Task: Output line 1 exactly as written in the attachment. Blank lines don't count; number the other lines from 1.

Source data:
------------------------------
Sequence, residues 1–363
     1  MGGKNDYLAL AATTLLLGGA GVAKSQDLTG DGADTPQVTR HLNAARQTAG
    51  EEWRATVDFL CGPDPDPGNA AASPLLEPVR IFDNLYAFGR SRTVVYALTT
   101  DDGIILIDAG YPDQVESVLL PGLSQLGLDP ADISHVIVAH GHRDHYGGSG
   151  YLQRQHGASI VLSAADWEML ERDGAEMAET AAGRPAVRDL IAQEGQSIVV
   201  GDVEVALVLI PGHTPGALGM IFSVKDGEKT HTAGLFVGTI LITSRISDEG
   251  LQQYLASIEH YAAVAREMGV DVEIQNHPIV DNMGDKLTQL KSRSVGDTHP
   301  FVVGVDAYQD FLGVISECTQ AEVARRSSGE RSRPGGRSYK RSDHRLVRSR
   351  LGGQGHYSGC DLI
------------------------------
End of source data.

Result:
Sequence, residues 1–363